Right after the LP, we went across the street to meet with Dr. Dominski again. She already had the early results from the LP, and the numbers were all “unremarkable”. However, her vision loss was definitely a concern. Dr. Dominski recommended treatment with steroids despite the disagreement over diagnosis. Mostly, this was because something had to be done and steroids are obviously less invasive than, say, a biopsy. We were set to begin five days of high dose IV infusion steroids the very next day.

The first infusion was problem free. Allie had learned to “brag” that every nurse tells her she has wonderful veins! They never seem to need more than one stick. After the infusion, we were given prescriptions for melatonin and benadryl to prevent insomnia and sent on our way home. The IV port was wrapped up nicely, and Allie was anxious to get home.

The only odd thing about that day was a phone call to schedule an appointment. We had a referral from an unknown source to Dr. Struck (another pediatric ophthalmologist). Later that afternoon, Dr. Patel called me. It turns out that Dr. Patel and Dr. Hare had spoken to each other and determined that they wanted another pediatric ophthalmologist to take a look at Allie. As a side note, Dr. Patel totally agreed with the steroid treatment and gave us a prescription for zantac to combat any stomach upset.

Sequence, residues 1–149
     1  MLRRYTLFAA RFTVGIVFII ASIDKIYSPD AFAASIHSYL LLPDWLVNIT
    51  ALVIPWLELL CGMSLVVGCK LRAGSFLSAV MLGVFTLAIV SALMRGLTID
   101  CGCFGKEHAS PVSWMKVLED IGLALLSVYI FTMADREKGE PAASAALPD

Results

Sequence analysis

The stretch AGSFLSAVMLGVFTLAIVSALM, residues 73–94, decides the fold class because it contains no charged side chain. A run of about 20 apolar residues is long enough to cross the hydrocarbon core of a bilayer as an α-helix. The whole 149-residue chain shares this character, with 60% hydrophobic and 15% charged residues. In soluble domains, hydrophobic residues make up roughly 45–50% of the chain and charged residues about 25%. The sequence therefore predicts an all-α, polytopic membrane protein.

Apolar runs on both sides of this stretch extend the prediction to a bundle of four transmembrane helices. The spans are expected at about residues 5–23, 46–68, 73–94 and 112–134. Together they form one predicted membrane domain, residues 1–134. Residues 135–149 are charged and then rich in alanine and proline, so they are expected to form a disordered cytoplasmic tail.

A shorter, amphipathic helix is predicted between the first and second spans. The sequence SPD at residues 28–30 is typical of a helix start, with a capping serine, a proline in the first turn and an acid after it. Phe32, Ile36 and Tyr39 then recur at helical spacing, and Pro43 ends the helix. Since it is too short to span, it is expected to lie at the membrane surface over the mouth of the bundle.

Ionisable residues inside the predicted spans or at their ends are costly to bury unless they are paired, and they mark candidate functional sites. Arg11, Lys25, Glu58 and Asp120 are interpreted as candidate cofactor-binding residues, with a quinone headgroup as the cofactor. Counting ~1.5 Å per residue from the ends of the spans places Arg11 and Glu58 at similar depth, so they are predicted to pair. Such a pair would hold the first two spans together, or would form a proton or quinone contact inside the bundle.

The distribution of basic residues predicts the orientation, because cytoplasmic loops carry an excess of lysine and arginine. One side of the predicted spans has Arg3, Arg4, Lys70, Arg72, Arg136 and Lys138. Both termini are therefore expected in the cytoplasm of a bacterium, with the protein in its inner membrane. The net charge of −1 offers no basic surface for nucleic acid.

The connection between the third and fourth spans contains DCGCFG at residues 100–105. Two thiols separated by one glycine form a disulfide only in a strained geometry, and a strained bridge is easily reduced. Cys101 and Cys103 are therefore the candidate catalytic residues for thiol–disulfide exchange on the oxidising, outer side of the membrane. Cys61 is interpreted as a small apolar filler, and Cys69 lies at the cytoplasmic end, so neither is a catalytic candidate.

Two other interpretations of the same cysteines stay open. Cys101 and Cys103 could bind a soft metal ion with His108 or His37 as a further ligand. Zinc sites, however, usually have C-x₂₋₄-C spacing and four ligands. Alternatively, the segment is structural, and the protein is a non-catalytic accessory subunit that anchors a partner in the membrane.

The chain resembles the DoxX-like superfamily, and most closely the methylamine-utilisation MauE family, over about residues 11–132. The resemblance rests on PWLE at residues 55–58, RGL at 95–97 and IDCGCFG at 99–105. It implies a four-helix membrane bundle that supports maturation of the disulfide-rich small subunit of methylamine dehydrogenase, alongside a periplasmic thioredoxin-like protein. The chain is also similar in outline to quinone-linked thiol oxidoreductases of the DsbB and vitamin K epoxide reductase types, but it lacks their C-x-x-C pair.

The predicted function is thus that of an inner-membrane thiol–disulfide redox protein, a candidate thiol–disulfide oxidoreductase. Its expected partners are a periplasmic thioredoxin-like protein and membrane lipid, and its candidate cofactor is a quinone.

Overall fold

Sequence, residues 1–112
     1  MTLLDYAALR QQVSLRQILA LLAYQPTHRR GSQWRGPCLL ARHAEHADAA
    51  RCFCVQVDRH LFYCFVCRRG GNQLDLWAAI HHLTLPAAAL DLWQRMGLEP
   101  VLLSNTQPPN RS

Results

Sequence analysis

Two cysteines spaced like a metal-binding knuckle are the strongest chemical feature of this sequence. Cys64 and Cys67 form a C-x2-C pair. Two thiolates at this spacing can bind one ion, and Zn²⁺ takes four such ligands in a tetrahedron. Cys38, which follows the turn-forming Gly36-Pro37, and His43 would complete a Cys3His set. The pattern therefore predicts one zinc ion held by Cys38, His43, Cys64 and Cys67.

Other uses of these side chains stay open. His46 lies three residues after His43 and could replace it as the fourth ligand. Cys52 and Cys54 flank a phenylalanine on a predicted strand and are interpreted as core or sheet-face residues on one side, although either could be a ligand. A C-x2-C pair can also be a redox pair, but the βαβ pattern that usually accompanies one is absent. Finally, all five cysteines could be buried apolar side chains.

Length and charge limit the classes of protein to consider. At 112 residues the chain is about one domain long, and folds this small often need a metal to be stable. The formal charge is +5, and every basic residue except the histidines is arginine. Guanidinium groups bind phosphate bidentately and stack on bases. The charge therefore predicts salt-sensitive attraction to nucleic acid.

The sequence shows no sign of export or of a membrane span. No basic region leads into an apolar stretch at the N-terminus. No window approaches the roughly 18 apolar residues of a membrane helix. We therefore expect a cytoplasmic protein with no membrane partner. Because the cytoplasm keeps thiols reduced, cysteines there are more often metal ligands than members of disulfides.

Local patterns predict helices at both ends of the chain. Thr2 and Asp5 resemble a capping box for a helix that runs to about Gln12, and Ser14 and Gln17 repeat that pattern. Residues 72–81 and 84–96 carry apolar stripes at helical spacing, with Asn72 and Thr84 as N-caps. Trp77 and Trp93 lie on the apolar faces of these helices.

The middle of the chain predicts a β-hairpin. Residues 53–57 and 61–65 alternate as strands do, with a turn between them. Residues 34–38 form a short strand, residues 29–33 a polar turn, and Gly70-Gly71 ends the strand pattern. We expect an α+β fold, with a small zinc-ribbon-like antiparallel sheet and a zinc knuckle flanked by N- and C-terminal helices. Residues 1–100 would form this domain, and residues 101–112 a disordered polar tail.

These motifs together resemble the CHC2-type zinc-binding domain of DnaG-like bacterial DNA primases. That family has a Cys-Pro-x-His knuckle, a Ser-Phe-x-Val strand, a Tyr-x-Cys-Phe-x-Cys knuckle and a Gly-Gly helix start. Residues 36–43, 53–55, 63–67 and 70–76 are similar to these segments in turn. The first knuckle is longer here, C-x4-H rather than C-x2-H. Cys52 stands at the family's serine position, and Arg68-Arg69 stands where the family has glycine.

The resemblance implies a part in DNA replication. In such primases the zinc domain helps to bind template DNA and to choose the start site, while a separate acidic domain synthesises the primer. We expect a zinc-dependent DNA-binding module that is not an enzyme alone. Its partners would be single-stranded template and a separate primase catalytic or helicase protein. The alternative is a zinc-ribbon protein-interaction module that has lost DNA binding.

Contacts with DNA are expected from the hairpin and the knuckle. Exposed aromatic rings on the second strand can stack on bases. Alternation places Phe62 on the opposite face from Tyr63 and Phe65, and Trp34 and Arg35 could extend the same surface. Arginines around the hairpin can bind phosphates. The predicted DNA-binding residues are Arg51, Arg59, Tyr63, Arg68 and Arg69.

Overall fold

Later that afternoon I had yet another phone call, this time from Dr. Hare. She also confirmed the referral to Dr. Struck. It was very odd that these two doctors had such different interpretations of Allie’s condition. I felt afraid on one hand because of their disagreement, but also reassured that they were both working so diligently to solve this mystery. Since everyone (including the nurses from the infusion!) agreed that Dr. Struck has expertise in this field, it seemed silly not to go and have him evaluate Allie.

Dr. Struck’s office repeated almost all of the vision tests from Dr. Hare’s office. There was one additional test - electrodes were placed on Allie’s head to measure her brain activity in response to stimuli. This test confirmed that her left eye has a slower and smaller reaction than her right eye.